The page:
SEATTLE - As we mentioned in March 5th's column, a front is a boundary between warm air and cold air. With a warm front, you have an area of warm air moving in over colder air. You can pick them out on weather maps as red line with red semi-circles.
Since warm air is lighter than cold air, the warm air will ride over the top of the colder air, where it will cool, condense, and squeeze out moisture.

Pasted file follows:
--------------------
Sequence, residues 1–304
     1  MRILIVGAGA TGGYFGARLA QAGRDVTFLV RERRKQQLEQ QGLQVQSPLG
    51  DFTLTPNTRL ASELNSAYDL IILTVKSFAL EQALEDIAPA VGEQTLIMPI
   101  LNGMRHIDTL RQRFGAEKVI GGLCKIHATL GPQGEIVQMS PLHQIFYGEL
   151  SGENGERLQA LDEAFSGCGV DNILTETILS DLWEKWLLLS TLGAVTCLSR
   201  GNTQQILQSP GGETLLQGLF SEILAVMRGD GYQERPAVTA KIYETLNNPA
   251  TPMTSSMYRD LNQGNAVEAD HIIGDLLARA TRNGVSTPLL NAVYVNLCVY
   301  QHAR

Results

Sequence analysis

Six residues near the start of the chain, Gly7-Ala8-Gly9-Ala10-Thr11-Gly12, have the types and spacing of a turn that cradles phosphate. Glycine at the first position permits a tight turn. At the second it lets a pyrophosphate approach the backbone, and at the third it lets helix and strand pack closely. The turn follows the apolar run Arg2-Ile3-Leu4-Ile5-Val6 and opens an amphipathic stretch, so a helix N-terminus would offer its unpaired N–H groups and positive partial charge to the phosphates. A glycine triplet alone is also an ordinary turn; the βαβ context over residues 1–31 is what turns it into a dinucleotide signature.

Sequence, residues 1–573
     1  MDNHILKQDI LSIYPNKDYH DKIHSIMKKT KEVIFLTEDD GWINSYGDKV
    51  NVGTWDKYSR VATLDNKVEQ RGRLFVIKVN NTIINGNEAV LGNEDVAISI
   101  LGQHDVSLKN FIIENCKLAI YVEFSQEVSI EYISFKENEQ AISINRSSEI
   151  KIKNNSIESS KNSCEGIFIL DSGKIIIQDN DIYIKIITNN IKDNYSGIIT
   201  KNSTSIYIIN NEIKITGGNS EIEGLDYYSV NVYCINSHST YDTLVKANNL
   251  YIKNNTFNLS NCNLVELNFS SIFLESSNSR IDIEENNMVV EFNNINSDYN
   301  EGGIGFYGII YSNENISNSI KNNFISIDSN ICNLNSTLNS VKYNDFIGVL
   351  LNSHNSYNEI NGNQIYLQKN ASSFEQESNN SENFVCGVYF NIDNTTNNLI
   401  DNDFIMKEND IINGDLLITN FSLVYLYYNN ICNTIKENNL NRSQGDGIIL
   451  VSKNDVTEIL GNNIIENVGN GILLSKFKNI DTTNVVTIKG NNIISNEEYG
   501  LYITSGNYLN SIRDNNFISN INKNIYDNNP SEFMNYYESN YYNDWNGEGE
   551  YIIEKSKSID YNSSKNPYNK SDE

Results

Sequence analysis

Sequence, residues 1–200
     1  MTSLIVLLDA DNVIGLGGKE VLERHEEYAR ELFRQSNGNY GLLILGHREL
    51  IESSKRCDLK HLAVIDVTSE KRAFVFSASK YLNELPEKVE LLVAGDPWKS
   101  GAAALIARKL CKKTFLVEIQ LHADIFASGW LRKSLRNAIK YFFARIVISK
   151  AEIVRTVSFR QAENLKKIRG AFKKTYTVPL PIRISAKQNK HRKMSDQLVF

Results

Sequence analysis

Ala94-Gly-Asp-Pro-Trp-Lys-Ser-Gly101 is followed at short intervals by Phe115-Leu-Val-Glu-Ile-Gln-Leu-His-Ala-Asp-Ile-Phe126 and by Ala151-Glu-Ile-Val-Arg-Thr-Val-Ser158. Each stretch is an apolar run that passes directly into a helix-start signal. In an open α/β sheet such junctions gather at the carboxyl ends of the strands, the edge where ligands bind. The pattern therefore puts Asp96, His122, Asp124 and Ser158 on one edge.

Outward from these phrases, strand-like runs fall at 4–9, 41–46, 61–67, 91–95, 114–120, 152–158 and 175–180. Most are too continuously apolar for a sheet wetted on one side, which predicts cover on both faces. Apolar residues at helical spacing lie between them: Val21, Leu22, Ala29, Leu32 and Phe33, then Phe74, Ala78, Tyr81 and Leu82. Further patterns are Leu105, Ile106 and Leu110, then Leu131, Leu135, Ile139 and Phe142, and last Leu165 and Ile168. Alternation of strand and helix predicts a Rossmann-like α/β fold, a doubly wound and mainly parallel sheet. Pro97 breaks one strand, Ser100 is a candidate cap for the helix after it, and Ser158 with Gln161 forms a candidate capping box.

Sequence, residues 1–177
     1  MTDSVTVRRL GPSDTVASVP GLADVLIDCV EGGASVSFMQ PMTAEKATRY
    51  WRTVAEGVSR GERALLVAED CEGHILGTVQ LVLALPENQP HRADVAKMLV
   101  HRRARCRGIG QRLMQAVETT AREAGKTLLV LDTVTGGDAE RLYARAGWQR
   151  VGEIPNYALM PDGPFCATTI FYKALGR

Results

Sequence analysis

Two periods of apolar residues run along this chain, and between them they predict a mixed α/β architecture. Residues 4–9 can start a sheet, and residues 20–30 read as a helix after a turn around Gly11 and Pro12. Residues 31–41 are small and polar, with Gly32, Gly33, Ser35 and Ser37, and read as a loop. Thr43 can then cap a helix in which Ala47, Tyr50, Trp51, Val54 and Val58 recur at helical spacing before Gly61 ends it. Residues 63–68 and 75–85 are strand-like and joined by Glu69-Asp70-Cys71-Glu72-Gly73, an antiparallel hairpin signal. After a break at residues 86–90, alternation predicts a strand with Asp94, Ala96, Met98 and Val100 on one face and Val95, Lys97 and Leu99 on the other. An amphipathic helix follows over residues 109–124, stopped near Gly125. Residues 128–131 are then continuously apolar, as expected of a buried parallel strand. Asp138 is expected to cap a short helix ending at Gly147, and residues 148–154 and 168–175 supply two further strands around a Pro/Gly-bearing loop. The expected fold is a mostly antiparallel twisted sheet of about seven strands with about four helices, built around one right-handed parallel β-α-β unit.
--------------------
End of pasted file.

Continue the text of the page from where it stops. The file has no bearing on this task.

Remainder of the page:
Warm fronts are generally weak weather-makers, bringing in a steady light rain or drizzle. It can also create fog as the warm air condenses as it meets up with the colder surface air. Since cold air is heavy and tough to budge, warm fronts can be slow-movers, keeping the rains around for dozens of hours.
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